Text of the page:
[EDITOR’S NOTE: This was originally posted on ESPN here. While this is and will remain a Yankees-centric site, our geographically diverse pool of writers allows us to dip into the local news every so often. Earlier this week, Larry Behrendt utterly dismantled his now-hometown Los Angeles Dodgers ownership miscreants and here, St. Louis-based Anna McDonald add her local access to a very hot story. Thanks -jnr]

St. Louis – Welcome to Marine week in St. Louis. In the Fox Sports Midwest booth during the Philly and Cardinals game Tuesday night there were a few fireworks. Lt. Col. T. Shane Tomko was in the booth to talk about the events of Marine week in St. Louis when he said this:

Col. Tomko: I’ll tell you what, with that M1A1 Abrams we got across the street, if Halladay keeps on pitching well, we can fix that with one round pretty quickly.

Announcer: – awkward laughs – I’m sure you could. I don’t know if we should say that, but you just did.

Col. Tomko: I can say whatever I want because I’m a war fighter, and this is the Cardinals Nation the last time I checked.

Fox Sports Midwest has issued and apology for the comments but fans in Philadelphia are still very upset.

“I’m not trying to kill Halladay, not in a million years.” Lt. Col. Tomko says about the joke he made in the booth.

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Baseball Tonight comes home

Our stadiums are our summer homes. We meet family. We eat a hotdog. We enter through the turnstiles one by one only to blend. It’s a fusion of memories: sitting in the stands with our dad, remembering the hustle and bustle of a Subway Series, or just experiencing the way a summer night at the ballpark still feels the same as it did when we were young.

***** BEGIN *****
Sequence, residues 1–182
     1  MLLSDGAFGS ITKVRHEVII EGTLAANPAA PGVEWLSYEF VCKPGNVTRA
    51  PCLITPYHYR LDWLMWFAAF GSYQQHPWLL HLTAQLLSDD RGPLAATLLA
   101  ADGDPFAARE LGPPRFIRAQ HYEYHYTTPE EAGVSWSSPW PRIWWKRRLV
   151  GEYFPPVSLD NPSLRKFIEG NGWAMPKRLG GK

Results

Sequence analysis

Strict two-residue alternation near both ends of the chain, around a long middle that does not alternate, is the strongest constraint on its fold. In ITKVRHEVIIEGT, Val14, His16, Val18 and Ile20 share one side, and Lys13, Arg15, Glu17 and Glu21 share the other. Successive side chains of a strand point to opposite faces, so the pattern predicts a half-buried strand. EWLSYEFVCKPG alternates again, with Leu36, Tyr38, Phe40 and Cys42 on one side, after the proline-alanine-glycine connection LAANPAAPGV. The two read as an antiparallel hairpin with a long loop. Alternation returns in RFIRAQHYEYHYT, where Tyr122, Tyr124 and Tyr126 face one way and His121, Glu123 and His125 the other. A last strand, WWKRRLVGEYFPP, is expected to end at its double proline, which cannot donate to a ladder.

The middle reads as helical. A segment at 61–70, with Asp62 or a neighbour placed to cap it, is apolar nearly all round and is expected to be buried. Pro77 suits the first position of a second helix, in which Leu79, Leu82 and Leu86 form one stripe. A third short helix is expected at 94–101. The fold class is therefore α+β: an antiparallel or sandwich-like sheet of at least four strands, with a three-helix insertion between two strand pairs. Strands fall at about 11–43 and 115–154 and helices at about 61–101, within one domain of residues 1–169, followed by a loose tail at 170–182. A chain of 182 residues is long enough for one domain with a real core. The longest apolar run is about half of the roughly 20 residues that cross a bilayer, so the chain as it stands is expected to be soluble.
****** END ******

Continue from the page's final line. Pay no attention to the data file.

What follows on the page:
That’s baseball. Tonight. And every night during the summer. It’s only fitting then, when you host a show on ESPN called Baseball Tonight that you bring the show home.

This year ESPN’s Baseball Tonight is traveling to the site of Sunday Night Baseball. With new leadership in place going on the road was a natural option. Jed Drake, ESPN’s senior vice president and executive producer and Mike McQuade, ESPN’s Vice-President of Production, both had previous experiences with producing on a grand scale away from the studio. They wanted to make Sunday Night Baseball more meaningful.

“If you think about it, on Sunday night there is no other game. That’s really it.” says Karl Ravech, who is hosting his 17th season of Baseball Tonight. “The idea was to make it feel like the event that it really deserves to be and I think we‘re accomplishing that.”

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Jack Clark talks about Derek Jeter’s hitting struggles

The worst thing for Derek Jeter right now is a good memory. His muscle memory.

Almost as unconscious as the fans ability to recognize Jeter’s quick hands at the plate, or his batting stance verses Alex Rodriguez’s, muscle memory is what allows Jeter to complete his swing the same way every at bat. It’s the muscles working without conscious effort, after years and years of repetition.

Jack Clark, who played in the majors for 18 years, knows about muscle memory. Having a great career as a hitter has helped him appreciate offense. He’s watched and admired Jeter for years and he understands what he’s going through.

“You hate to see a guy who’s been so good and who’s going to get 3000 hits struggle a little bit,” says Clark. “I went through the same thing as a hitter. I failed a lot and made a lot of adjustments throughout my career. If I were to have somebody telling me the things I learned later I wouldn’t have had to give away so many at bats.”